<Meaning...? How many gallons/litres?>
the filter too, I am feeding a Spirulina diet with extra vegetables now
and again and live plants as recommended. Cleaning more regularly too.
The water quality - ph, nitrite, nitrate, ammonia is all good but one
fish is still not right.
He tends to swim on his side and stay at the top more than the
though not all the time - maybe 10% of the time only. And he was
getting white spots they have all gone but his tail is still splitting
a little. I think maybe he is just a sickly fish cos he's the
smallest of the four and also he has the biggest tail. But then again
what do I know!
<There's an element of truth to what you're suggesting.
Goldfish are hierarchical, just like any other schooling fish. If the
group is insufficiently large, meaning less than six specimens, it is
possible for the dominant fish to become a bully. Beyond adding more
fish or removing the weaker fish, there's not much you can do. Of
course, if you remove a weak fish, there's a chance the next
weakest one could end up being bullied. On top of this there is a
definitely "pecking order" of sociability among Goldfish
varieties. In short, you have Standards (single-tail varieties
including Comets, Shubunkins, etc) at the top; Delicate Fancy Goldfish
(with two tails, humped backs and other deformities, e.g., Lionheads,
Ryukins, Orandas, Pearlscales, Pompons, etc) at the bottom; and in
between Robust Fancy Goldfish (with two tails but few other
deformities, specifically Black Moors and Common Fantails). It's
best not to mix varieties from different levels in the pecking order.
So by all means keep Shubunkins with Comets, but don't keep Comets
with Ryukins. The very deformed Delicate Fancy Goldfish are best kept
one variety per tank, though sometimes mixing varieties with similar
degrees of handicap can be okay. The middle order, Common Fantails and
Black Moors, are exceptional in mixing well with Standards given
sufficient space, while also mixing well with the less feeble Delicate
Fancy Goldfish, for example Orandas. With that said, there are plenty
of Black Moors and Fantails that become thugs when combined with more
delicate varieties, so you have to observe your fish and act
accordingly should problems arise. The aim, you see, is to have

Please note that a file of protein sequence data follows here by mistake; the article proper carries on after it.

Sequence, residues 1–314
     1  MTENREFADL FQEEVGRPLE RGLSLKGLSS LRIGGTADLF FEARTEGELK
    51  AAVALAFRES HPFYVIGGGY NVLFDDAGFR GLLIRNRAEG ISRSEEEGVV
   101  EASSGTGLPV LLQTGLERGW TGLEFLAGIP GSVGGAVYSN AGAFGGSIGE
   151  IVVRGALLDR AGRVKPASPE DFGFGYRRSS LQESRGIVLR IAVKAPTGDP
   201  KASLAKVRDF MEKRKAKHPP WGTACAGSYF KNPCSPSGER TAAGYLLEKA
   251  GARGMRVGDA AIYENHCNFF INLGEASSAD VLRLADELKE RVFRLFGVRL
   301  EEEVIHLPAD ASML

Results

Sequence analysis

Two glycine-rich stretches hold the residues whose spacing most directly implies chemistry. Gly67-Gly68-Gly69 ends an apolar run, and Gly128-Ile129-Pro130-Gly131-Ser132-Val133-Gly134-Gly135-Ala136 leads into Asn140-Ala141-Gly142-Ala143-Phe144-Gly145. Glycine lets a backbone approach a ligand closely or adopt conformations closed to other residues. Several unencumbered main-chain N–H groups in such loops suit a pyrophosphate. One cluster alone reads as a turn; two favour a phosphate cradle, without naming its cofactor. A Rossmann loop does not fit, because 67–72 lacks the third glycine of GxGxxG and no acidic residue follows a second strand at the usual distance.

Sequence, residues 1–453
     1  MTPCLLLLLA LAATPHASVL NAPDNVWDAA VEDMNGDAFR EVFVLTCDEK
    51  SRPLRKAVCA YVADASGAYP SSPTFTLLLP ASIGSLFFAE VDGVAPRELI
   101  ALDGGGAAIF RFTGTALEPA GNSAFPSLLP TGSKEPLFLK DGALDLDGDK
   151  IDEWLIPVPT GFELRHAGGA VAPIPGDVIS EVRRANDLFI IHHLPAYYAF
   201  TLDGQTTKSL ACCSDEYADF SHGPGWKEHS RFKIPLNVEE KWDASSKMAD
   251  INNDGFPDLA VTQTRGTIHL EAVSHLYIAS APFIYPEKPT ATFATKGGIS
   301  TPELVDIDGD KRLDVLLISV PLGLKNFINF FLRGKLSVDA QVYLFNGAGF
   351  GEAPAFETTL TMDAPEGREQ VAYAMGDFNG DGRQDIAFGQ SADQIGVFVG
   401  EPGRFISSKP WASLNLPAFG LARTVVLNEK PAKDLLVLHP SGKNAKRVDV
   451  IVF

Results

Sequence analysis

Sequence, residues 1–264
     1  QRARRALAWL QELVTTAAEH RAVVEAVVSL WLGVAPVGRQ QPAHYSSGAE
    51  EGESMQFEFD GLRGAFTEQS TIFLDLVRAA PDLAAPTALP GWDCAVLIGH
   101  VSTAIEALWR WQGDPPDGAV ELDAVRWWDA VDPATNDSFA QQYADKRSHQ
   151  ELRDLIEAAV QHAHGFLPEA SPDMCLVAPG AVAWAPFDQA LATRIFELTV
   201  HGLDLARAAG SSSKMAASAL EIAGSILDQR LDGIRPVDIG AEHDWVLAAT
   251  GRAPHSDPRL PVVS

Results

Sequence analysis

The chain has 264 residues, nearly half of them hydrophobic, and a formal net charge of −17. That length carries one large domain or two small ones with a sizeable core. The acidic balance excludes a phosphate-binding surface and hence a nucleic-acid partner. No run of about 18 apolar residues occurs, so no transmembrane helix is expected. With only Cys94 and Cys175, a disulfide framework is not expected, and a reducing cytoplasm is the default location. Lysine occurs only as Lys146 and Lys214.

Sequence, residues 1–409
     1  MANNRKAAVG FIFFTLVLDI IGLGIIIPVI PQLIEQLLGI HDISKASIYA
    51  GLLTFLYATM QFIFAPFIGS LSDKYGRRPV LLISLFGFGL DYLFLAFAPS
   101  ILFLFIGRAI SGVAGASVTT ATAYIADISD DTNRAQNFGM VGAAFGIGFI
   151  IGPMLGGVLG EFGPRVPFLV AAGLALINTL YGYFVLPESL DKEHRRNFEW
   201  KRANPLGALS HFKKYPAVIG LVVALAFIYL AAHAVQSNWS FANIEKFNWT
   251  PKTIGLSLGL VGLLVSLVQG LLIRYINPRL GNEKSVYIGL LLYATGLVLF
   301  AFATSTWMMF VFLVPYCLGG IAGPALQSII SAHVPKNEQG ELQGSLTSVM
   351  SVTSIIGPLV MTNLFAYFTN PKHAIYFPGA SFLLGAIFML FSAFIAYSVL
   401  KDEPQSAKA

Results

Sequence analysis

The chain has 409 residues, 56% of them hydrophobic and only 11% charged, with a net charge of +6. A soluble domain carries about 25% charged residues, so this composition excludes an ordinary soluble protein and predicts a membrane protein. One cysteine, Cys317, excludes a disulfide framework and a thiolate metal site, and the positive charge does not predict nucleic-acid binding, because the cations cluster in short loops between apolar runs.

Goldfish living together that reach the same size, grow at about the
same rate, feed about as fast, and can swim away from each other about
as quickly. The more you deviate from this, the more likely it is for
social problems to arise.>
Any advice greatly received.
Goldfish suffering! Ictalurid incomp.
The Situation- Goldfish suffering from severe ammonia burns over
<Well, that's easy enough to diagnose. Black, discoloured
patches on the body. But I'm not seeing that in your image.
Looks more like a Goldfish that's been attacked. I wonder
what he's living with...>
My family has had a 29 gallon fish tank for about 2 years with
one large common goldfish that weve had for about 5 years in
various sizes of tanks and a yellow bullhead caught as a
fingerling in a nearby lake about a year ago. The bullhead, has,
as it should, grown to about 11 inches in length and the goldfish
is about six inches in total length.
<Right. So you have a Goldfish in with a voracious carnivore
twice its size. Hmm... I wonder...>
We kept this tank without paying much attention to any of the
rules of fish keeping, and for a while, this worked out fine, but
then one day I went to feed the fish, and the goldfish looked
Over night he seemed to have lost about a quarter of his scales
and his fins were all shredded and his clear skin hanging off in
shreds all over him. I was panicked and at first thought that
somehow the bull head had attacked him, but following some much
belated internet and book research I believe that poor water
quality is most likely to blame as the bio load increased as the
size of the fish increased.
<No! Your Ameiurus natalis is precisely to blame here,
especially if suddenly overnight the Goldfish looked bedraggled.
Be clear on this, Ameiurus natalis is a NOCTURNAL
Considering the size and types of fish being kept in the tank,
the ammonia levels were probably at a constant high for quite
some time, and the goldfishes immune system finally couldnt keep
<Conceivably, but Finrot doesn't do this to a fish
overnight. You need something bigger to mangle a Goldfish like
this that mere bacteria. Like a BIG PREDATOR!>
Anyways, the bullhead moved out into a temporary 20 gallon
Sterilite container until its warm enough outside to release him
back in the lake.
<DO NOT release into the wild, please. Not only is it against
the law, but it is also how diseases and parasites carried by pet